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RE: Slab on grade

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See below.

Harold Sprague, P.E.
The Neenan Company
harold.sprague(--nospam--at)neenan.com


-----Original Message-----
From: Phil Hodge [mailto:phil(--nospam--at)joistdesign.com]
Sent: Thursday, October 08, 1998 9:43 AM
To: SEAOC
Subject: Slab on grade


I am writing this not as an engineer, but as an owner/contractor.  My
experience, both as SE and contractor, is exclusively with steel.  All I
know about concrete is that it cracks.

I am acting as
engineer/contractor/owner/banker/inspector/anything-else-anyone-can-think-of
on a 54'x105' hangar.  (I've always heard that anyone who acts as their own
attorney is employing a fool, does the same apply to engineers?  It's fun
wearing all the hats!)  

I plan the SOG to be 6" 3000 psi concrete with #4@12" both ways in the
middle, and a 12"x12" thickened edge, tapered to normal slab thickness
at 2:1, on 4" clean gravel.  The footings are not cast integrally with
the slab.  Soil is well compacted red clay common to eastern  Tennessee. 
Use will be for planes less than 3200#, plus dump trucks, backhoes, and any
other toys my wife acquires.  The finisher is just that, a
finisher.  He knows nothing about the stuff we're supposed to worry
about - rebar placement, crack spacing, mix, etc.  Three questions:

1)  How often should I cut control joints.  I will form and pour the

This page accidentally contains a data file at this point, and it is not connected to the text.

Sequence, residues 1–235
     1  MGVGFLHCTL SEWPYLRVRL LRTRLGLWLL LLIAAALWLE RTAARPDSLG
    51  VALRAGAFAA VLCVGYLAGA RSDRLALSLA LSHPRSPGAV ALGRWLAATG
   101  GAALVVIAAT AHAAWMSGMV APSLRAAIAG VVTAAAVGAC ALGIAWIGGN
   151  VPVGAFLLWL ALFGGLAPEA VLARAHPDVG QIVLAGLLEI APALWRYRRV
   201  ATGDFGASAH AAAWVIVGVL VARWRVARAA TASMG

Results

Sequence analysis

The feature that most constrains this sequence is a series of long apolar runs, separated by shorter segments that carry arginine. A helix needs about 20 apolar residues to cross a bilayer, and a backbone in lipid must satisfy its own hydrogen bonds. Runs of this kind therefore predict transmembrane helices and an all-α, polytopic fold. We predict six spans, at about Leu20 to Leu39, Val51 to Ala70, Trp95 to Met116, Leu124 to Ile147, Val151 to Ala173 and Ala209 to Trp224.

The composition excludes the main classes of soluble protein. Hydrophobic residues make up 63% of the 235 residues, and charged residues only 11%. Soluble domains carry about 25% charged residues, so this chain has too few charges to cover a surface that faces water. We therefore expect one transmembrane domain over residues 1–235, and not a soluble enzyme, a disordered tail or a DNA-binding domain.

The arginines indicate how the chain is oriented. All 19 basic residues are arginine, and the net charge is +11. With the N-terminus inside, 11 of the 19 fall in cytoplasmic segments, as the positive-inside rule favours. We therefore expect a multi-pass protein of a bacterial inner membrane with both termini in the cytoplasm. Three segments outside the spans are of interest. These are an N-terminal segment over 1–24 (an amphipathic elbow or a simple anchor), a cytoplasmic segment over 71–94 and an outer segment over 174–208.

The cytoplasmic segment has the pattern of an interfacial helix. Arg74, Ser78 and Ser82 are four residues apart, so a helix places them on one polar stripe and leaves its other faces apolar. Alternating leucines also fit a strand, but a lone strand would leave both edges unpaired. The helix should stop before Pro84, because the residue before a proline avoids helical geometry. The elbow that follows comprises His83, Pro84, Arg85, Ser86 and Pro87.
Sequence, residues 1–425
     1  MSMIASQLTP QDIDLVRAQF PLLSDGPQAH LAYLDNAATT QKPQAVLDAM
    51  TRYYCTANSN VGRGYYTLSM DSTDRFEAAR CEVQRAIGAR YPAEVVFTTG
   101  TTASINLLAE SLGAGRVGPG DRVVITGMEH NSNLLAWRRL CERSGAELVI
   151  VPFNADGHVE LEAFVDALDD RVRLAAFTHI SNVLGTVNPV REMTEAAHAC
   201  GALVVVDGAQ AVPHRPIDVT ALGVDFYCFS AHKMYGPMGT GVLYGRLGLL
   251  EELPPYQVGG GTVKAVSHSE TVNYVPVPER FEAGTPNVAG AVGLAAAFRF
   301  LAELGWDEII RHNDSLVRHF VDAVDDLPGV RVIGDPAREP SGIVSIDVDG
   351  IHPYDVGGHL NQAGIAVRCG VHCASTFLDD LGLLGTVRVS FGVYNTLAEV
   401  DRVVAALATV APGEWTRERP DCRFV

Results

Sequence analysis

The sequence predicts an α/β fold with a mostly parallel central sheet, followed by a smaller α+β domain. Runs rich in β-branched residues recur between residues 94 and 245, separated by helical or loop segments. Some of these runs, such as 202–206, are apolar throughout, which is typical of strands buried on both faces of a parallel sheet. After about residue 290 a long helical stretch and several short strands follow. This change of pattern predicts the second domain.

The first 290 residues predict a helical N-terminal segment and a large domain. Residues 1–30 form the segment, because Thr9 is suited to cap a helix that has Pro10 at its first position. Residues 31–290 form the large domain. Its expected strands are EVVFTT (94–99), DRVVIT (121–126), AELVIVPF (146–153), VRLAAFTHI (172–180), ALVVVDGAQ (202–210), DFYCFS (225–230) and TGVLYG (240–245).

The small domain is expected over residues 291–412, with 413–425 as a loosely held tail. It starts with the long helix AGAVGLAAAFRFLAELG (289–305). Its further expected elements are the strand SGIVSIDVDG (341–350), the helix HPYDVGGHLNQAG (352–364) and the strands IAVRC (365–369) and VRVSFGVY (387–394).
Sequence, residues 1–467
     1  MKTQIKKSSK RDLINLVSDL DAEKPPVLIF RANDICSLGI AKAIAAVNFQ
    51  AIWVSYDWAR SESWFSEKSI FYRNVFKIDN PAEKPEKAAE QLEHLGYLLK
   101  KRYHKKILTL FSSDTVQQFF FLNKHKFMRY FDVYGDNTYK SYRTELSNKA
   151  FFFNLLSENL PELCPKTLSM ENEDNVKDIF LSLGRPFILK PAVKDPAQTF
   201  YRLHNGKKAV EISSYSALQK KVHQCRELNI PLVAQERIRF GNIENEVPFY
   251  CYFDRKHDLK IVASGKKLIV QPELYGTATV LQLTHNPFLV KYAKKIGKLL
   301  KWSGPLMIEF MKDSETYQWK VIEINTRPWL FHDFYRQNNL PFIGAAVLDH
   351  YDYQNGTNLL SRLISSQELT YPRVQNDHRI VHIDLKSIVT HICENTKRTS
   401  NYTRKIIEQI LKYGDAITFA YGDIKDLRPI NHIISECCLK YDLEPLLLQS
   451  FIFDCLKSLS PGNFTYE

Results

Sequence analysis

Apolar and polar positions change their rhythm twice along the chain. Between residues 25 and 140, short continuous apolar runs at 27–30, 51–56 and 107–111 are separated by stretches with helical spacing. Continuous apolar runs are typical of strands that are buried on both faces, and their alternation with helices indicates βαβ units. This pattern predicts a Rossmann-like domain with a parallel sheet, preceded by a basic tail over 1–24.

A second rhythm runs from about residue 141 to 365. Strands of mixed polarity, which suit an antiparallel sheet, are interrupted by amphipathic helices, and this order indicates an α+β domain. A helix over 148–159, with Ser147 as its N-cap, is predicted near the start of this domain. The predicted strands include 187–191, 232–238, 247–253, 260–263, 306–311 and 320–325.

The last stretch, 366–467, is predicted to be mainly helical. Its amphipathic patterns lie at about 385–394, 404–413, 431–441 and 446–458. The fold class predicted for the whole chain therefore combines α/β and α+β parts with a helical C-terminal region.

slab in two pours on seperate days, each 27'x105'.  I want the minimum
number of joints, but I also don't want any random cracks.  Suggestions?

	There are several publications regarding slabs on grade for design
and for construction that are published by the ACI.  Get em, read em.  You
can reduce your joints by adding rebar and providing a good slip surface for
the concrete to slide on from joint to joint.  Use PNA dowels and pocket
formers 800-542-0214.

2) What about fibers.

	When in doubt, use them.  They are cheap and offer good protection
from plastic shrinkage cracks, and they afford an increase in resistance to
cracking.  Do not use them in lieu of your rebar!

3)  Is there anything in the above that jumps out at those experienced
with concrete and shouts "This guy is an idiot"?  Anything I should do
different?  Again, suggestions?

	Just read the ACI stuff, and have fun.

By the way, if there are any pilots out there comfortable on 1900' of
grass, The 100 Aker Wood private field is at N85d46' W84o46'.  Drop in
someday.

TIA

Phil Hodge
phil(--nospam--at)joistdesign.com